(Don’t we worry about players seeing old pairings and standings from reused sheets? If that is a concern for your event, simply save the paper cut up and use it for a future event, when it no longer matters.)

People often don’t think about the second point: Items that could be reused or have future purpose.

Extra cards left behind from limited events or ‘draft chaff” are often collected at stores and GPs, to be given to local schools or youth groups, or made into beginner decks. Some people make art or crafts from cards. Either way, throwing away, or recycling card board magic cards isn’t the best practice, and I’m sure someone may be interested in our beautifully illustrated and fun game cards, even commons!

Another consideration comes with sleeves. Extra sleeves are made of plastic, and as they wear down, they’re not useful to use in decks (for marked cards concerns, or simply not having enough for a full deck). Players will sometimes leave them on the tables. At a GP, it’s admittedly harder to find a good use for them. At local stores however, newer players often need individual sleeves for recently opened rares or foils, or want to have sleeves for their rares in their boxes or collections. Maybe they’re missing one of a commonly used sleeve due to a split or torn sleeve. My suggestion is talking to your local store about having a box to have ‘extra’ sleeves somewhere nearby, so that players can have access to extra loose sleeves, for a variety of uses.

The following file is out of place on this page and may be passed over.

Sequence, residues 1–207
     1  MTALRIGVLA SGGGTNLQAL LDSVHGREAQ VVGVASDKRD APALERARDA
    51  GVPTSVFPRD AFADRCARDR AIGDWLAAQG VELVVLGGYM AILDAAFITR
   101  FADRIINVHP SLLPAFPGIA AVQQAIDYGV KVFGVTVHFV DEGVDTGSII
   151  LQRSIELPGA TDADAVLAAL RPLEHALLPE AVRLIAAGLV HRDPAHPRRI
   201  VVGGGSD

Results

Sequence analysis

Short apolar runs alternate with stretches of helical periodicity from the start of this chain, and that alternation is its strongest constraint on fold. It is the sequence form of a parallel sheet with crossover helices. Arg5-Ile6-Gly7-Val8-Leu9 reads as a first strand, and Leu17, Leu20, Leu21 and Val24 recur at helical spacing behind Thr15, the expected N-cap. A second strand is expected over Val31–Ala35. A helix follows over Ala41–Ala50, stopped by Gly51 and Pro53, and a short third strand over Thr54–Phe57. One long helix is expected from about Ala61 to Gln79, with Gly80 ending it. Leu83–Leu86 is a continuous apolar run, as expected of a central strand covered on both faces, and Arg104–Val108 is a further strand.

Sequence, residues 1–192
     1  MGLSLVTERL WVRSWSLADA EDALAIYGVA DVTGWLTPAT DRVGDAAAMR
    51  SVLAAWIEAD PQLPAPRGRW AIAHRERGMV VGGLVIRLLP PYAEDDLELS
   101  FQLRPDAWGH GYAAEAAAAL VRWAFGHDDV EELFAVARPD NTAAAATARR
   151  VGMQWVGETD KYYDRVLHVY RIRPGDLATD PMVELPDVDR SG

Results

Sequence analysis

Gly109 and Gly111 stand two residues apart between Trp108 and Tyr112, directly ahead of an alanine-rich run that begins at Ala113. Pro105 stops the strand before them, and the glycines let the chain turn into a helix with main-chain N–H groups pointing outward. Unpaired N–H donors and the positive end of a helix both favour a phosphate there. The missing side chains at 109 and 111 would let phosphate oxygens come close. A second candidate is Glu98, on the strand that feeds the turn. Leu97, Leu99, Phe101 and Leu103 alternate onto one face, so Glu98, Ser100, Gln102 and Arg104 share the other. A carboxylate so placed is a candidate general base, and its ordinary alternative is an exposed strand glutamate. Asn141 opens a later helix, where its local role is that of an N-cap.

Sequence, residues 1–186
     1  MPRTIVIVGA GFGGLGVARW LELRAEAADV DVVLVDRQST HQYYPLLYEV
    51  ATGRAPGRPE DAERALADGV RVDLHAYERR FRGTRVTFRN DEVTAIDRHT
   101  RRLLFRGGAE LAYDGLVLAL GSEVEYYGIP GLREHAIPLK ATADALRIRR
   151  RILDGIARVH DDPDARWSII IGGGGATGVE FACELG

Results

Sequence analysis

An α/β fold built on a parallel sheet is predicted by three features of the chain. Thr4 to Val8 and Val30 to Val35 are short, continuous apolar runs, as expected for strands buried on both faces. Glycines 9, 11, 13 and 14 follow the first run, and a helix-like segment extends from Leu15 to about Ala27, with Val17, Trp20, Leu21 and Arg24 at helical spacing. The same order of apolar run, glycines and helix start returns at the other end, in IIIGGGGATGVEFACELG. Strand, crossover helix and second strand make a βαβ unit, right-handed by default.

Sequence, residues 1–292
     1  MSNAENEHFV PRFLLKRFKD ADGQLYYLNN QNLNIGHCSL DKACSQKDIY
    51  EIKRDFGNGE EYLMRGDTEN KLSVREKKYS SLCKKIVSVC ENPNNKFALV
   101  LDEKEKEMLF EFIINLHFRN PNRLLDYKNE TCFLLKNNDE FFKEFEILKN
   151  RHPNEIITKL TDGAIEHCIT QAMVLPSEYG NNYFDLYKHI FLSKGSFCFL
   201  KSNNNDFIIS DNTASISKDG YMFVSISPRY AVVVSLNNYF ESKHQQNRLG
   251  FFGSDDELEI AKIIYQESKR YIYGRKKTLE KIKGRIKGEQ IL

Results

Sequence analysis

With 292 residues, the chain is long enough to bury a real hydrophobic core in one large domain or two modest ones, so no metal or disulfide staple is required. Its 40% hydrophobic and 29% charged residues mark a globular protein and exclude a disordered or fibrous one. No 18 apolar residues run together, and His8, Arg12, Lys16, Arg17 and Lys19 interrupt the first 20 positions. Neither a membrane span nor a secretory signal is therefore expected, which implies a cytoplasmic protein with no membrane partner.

As for booster wrappers, they’re the most difficult to consider, as in most locations they won’t recycle, and won’t biodegrade. But did you know that it’s actually possible to recycle booster wrappers with a specialized box? (yes, it’s expensive, so): Look at the option of shipping booster wrappers to Hasbro for recycling!

Remember too, that these are all just ideas from what we’ve seen at events, and your local area may have different ideas. We don’t want to force things on anyone, but magic players do love value and easy access to supplies, so finding good uses for things that are normally seen as valueless is a great way to help players and staff start thinking green.

These are just some ideas to help reduce a tournament’s environmental impact, and we’d love to hear more thoughts from around the world. It’s clear that most of these solutions, while good ideas, will have some impacts on greater environmental issues, but with a global program, we can make changes together! The largest thing you as a player or judge could do would be to have conversations with your TO about actions that can be taken to improve sustainability at events and reduce waste. With larger policy changes for green considerations, more events and larger numbers of players would be affected. And every small amount helps, considering the volume of events you may affect over your judging career. So what ideas can you all think of that can make Magic sustainable?

We’ll offer more considerations in the next article, focusing on travel carbon foot print, food and drink wastefulness, and some fun options for judges to do while being green.